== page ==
Now you understand my problem.  The reality is, I want both the Chi and the hobo bag but the urge to buy these random lady accessories compete neck and neck with my need to eat food (sometimes out at fancy restaurants), drink hot chocolate regularly and buy many other [cheaper] splurgy things like books I won't read for months and small art that will go unframed until December.  So which is better: to occasionally buy pricey items that I've thought long and hard about but rarely have an direct impact on my quality of life or to treat myself on a regular basis to small, short-lived pleasantries that bring me equally short-term satisfaction?Tough call, if you ask me.

Image courtesy of

Sunday, June 15, 2008

In the kitchen with Salty

So you say you want to make something sweet for Father's Day? Oh, and you want it to be kind of fancy? Like fancy, impressive? Okay. Depending on your tolerance for butter-greased palms and boiling hot sugar syrups, you may want to try your hand at Fruit Galettes. It starts out simply at first... the recipe has less than ten ingredients and if you're like me, you think, "Eh? Simple." And if you're even more like me, you barely notice that the instructions for the pastry portion are three pages long. Yeah- it better be fancy impressive if you're gonna make me read three pages of roll, scrape, repeat.

The recipe I used came from a fantastic little read, eponymously named Tartine for the sweet little bakery in San Francisco. I chose local blackberries (picked last year in Magnolia and frozen) and cherries from the farmer's market in Ballard for the filling, with a touch of lemon zest for an added kick. And I rolled that butter and scraped that dough and flipped it in on itself to repeat the whole process a total of eight times all told. I even found a new trick to pit the cherries since that's one of the few kitchen gadgets Mr.Mr. and I have yet to acquire. If you cradle the cherry between your thumb and three fingers, anchor your opposite index finger against the other and slide the larger end of a chopstick into the stem cavity, a gentle poke is all it takes. Voila! ("And that, sweetie is how babies are made...")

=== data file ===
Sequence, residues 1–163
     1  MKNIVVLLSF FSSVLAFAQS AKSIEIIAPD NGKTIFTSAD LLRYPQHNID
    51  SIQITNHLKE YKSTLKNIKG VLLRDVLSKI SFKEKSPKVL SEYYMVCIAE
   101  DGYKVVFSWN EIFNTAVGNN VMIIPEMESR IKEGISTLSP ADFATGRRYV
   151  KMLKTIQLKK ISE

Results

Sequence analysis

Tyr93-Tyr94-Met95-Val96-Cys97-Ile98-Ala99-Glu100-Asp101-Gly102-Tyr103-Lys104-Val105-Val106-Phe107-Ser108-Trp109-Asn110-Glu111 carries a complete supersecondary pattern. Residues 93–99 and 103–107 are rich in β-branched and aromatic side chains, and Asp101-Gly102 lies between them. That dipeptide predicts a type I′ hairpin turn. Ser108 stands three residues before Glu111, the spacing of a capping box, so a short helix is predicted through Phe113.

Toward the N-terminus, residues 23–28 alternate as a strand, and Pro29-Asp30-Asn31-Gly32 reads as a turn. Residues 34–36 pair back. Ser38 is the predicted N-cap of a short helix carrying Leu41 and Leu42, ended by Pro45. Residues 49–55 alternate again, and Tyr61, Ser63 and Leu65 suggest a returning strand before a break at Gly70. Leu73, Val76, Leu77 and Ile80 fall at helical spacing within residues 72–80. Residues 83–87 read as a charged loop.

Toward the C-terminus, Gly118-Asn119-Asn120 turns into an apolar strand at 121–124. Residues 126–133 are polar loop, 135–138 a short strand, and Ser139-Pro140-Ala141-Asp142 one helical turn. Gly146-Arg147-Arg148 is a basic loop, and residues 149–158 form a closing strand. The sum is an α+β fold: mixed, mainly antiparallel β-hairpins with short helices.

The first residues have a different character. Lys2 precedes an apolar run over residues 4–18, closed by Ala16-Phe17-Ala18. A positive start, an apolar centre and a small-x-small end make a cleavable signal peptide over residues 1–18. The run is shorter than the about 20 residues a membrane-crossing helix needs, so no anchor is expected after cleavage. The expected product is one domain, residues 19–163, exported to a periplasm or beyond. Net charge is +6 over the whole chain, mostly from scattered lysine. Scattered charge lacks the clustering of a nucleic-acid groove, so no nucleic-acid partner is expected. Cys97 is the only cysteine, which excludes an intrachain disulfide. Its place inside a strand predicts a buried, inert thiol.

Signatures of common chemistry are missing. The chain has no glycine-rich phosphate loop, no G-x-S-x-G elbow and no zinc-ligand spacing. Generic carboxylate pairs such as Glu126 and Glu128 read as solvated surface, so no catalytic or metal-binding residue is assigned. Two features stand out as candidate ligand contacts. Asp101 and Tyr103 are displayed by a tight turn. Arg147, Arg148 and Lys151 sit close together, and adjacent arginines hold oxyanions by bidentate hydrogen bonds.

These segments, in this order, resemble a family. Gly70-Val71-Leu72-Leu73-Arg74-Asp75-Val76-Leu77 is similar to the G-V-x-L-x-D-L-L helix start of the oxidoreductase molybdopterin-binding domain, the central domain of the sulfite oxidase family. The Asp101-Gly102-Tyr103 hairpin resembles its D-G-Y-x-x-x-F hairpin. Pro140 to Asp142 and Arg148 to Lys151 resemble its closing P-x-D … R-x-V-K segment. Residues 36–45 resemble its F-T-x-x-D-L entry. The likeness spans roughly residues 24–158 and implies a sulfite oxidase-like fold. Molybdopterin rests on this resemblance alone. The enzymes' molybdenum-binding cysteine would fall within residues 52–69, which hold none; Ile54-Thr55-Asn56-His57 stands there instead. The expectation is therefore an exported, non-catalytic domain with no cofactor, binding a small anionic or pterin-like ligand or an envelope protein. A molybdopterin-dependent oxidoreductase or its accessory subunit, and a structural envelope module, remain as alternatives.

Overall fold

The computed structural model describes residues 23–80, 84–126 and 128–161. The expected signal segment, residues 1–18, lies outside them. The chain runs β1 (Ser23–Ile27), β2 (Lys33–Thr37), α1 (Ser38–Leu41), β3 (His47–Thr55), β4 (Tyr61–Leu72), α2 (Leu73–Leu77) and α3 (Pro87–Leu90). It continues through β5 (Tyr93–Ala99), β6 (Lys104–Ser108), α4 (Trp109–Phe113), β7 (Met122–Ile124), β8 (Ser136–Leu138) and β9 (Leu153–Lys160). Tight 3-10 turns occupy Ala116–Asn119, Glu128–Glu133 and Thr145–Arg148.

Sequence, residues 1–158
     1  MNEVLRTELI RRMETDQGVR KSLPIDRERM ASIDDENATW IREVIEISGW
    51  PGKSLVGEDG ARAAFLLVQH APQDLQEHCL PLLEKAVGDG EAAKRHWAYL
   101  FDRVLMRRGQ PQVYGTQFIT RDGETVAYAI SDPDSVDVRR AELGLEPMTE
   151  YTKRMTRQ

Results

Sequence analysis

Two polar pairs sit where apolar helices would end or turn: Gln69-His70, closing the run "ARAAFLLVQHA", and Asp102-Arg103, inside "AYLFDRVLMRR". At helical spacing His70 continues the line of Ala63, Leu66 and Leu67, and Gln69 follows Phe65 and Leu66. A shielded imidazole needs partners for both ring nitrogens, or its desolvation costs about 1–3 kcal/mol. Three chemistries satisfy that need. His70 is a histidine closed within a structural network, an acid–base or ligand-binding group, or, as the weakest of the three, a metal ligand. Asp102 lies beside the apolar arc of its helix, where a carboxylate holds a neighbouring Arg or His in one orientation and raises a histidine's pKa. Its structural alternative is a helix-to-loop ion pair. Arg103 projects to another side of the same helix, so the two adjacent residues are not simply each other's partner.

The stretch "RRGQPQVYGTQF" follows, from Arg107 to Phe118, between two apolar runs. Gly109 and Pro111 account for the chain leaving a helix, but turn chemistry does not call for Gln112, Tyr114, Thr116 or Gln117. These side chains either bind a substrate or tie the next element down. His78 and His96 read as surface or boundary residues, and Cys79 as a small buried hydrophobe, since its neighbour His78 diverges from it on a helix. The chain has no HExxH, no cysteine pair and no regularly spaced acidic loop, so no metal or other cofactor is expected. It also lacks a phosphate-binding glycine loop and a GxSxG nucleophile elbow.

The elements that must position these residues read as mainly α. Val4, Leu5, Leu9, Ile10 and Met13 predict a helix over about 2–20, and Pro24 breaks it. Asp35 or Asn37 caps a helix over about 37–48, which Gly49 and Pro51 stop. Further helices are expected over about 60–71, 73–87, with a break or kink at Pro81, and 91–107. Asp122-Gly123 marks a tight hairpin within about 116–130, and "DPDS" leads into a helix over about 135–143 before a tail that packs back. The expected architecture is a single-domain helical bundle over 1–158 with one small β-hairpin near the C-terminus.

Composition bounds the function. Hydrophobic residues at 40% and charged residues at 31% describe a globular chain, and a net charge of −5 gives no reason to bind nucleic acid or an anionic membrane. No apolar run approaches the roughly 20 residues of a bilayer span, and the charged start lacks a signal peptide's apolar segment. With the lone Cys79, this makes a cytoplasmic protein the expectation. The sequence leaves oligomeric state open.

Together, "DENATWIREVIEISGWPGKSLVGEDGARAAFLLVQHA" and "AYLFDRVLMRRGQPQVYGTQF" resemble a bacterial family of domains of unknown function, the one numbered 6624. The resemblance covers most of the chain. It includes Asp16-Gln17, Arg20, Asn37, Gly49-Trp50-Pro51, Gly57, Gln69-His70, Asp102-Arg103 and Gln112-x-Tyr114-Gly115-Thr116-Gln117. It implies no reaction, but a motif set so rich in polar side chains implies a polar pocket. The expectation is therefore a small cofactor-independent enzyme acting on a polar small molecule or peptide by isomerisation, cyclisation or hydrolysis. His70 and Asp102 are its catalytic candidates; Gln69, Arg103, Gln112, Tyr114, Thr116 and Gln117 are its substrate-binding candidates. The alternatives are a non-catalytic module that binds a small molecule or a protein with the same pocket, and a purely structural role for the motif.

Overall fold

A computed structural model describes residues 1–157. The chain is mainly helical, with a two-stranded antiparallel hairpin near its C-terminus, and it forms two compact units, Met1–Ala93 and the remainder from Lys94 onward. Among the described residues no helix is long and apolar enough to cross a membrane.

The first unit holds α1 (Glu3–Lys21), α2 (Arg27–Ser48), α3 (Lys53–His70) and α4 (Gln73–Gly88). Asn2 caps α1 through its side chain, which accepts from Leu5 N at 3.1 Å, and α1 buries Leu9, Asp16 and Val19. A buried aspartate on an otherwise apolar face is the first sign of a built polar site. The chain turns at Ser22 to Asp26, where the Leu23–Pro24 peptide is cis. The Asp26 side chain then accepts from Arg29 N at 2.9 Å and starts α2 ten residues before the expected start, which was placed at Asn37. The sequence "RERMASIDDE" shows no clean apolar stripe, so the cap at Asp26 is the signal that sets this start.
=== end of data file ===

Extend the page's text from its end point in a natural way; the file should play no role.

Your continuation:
And after many rounds of rolling and chilling, filling and crimping and baking and rotating, you have yourself some nicely browned fruit galettes. Now, I know this all sounds deceptively simple. And that's purposeful (what do you think I did with the other three pages of instructions??). If I spent all my time retyping recipes for all my invisible readers- I wouldn't have enough time to watch Battlestar Gallactica or Top Chef. So if this culinary challenge has your name [Invisible Reader #2] written all over it- leave a comment and I'll send you the whole darned thing. Bon apetit!


This is getting ridiculous. I don't sew. I mean, I have sewn before. Like, twice. I made a comforter cover and a Halloween costume/dress and- OH, wait! Three times! Er, well, I really assisted more on the third. But I can pin and iron like a machine. Anyway. While out and about yesterday I popped into both The Bouncing Wall (post to follow once I get better photos) and Nancy's Sewing Basket. And what do I find but the most crazy awesome fabric.

It's a silk/wool blend in a stunning gun metal-ish, flecked grey, bordered on one side with a dynamic repeating leaf pattern in a very brilliant red. And it's only $75.00 a yard. Remove jaw from floor. Reattach.

To buy one piddly yard of this beautiful fabric would be the equivalent of:

  • a week's groceries
  • a tank and a half of gas
  • a 5-piece set of our wedding china (on sale)